ECHO readers have had their say after the government unveiled its new obesity strategy.
The Department for Health and Social Care has launched a new package of measures as part of its Better Health campaign in a bid to help people lose weight.
The new measures encompass a variety of changes, including displaying calories on menus,banning TV and online adverts for food high in fat, sugar and salt before 9pm and the end of deals like "buy one get one free" on unhealthy foods that are high in salt, sugar and fat.
According to the NHS website, the term obese describes a person who's very overweight, with a lot of body fat.
Obesity can lead to a number of serious and potentially life threatening conditions.
In the UK, obesity is estimated to affect around one in every four adults and around one in every five children aged 10 to 11.
And almost two thirds of adults in England are overweight or living with obesity, while one in three children leave primary school overweight or obese.
Obesity-related illnesses cost the NHS £6 billion a year, with the government releasing a range of measures in a bid to help Brits improve their fitness.
One of the measures includes the decision to have calories displayed on menus to help people make healthier choices when eating out, while alcoholic drinks could soon have to list hidden "liquid calories".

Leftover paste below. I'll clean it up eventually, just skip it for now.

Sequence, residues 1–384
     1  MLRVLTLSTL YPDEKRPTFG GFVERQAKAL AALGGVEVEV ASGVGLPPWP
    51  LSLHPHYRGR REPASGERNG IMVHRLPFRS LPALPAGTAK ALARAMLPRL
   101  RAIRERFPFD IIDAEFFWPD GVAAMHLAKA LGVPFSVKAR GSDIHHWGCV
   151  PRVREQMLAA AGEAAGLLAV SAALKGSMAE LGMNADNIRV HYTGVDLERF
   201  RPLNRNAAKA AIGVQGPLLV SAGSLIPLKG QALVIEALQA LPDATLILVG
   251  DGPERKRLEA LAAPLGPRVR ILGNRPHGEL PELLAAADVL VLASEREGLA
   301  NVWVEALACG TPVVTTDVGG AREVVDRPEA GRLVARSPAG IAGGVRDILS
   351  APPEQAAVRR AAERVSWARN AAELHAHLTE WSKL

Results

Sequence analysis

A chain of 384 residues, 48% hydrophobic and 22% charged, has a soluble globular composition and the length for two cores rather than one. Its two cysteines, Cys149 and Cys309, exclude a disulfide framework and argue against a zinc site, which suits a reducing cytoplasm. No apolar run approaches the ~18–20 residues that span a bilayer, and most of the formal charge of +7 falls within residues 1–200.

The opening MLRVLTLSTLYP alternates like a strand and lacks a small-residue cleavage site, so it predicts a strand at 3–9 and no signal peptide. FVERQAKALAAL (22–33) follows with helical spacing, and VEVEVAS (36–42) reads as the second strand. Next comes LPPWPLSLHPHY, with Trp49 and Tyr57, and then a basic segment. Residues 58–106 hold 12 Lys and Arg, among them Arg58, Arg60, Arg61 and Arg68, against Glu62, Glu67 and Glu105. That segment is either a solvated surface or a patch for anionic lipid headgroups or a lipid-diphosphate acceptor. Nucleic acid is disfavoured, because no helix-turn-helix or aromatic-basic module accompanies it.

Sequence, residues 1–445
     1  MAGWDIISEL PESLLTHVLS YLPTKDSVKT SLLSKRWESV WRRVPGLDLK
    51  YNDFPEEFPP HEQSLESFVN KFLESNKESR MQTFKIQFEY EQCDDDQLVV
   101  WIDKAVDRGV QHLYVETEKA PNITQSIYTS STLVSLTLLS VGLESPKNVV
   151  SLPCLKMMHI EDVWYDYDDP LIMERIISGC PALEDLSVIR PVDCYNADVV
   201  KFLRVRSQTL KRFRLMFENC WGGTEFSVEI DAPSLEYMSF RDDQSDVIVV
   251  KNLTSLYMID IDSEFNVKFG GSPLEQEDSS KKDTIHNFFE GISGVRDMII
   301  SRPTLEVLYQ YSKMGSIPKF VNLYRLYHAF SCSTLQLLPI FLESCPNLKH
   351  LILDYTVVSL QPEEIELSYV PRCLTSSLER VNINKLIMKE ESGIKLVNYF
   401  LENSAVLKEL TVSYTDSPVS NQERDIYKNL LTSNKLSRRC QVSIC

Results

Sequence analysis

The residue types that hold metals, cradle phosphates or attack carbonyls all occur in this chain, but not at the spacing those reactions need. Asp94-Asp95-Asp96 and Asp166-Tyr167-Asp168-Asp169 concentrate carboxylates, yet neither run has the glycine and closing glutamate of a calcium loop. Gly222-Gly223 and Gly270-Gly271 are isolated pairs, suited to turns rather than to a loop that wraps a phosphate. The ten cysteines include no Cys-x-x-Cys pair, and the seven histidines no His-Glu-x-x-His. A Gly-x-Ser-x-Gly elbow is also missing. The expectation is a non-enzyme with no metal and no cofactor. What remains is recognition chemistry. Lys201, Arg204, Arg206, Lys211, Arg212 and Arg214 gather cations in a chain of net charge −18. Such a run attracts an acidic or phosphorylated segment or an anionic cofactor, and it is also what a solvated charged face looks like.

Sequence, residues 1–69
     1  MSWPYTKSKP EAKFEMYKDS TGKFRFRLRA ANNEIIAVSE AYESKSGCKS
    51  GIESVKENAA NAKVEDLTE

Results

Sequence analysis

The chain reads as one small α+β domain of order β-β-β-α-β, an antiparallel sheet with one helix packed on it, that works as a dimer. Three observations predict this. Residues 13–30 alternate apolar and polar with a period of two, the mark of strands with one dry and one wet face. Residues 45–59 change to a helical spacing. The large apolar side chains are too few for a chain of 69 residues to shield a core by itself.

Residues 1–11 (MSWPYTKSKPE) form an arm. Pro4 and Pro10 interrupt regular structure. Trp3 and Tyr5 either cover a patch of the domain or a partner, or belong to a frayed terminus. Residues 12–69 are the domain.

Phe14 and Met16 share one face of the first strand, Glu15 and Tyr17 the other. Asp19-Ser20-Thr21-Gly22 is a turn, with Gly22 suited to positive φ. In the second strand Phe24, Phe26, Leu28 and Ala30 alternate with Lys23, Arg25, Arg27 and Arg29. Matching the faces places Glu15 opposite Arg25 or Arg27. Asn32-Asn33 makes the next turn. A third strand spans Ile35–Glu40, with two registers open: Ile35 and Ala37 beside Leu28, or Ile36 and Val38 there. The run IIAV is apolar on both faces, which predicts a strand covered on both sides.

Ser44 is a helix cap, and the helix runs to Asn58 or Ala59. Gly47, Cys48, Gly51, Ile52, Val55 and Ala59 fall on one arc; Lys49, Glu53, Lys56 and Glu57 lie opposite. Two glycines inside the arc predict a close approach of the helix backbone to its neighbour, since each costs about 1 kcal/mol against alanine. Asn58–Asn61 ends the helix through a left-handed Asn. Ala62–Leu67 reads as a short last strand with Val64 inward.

ECHO readers took to our Facebook page to share their thoughts on the decision.
Kathy Bisson supports the move and said: "It's a great idea. If you're not bothered about calories then you can ignore it but if you're conscious of your intake then you can make an informed decision. Just because you're on a diet doesn't mean you shouldn't be able to enjoy a meal out."
Christopher Faulkner agreed and said: "Yes, because people – I include myself here – have very little idea what's in what they eat when in a restaurant. It'll always been an estimate, but knowledge is power."
Maria Oakes commented: "I think it's good. Even healthy options can be higher on calorific value etc than if you made it. If [you're] trying to loose weight or manage it then it's good to know."
But some readers weren't keen on the move.
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Joe Thurston said: "If people want to eat at a restaurant they have come to enjoy their food. It's supposed to be a special occasion. They don't want to look at the calorie section. I say no, let them eat in peace."
Pat Long said: "You can buy a calorie book to take with you, why should restaurants have this additional worry and cost at this difficult time. They are struggling to stay open so this will add to costs which obviously will have to be passed on to public and increase price of meals."
Beryl Derbyshire commented: "It won't stop me eating what I want. If I want to diet I do it at home. If I couldn't eat something for medical reasons I would just avoid it."
Linda said: "When I go out for a meal I just want to enjoy it not worrying about calories."
Anita Patterson added: "Omg imagine how many couples would end up having a row over it all. A case of "mmm i think i will have this" partner says omg you can't have that have you seen how many calories in that. Why don't you have same as me it has less calories & therefore better for you!" I personally would flip to be told my choice is wrong. I just want to enjoy my personal choice."
On Twitter, Frankie Leach said: "Just thought of the horror of going out to eat in a group and having others know how many calories are in your food choices. Utterly, utterly horrendous. So sorry, I'm dreading it."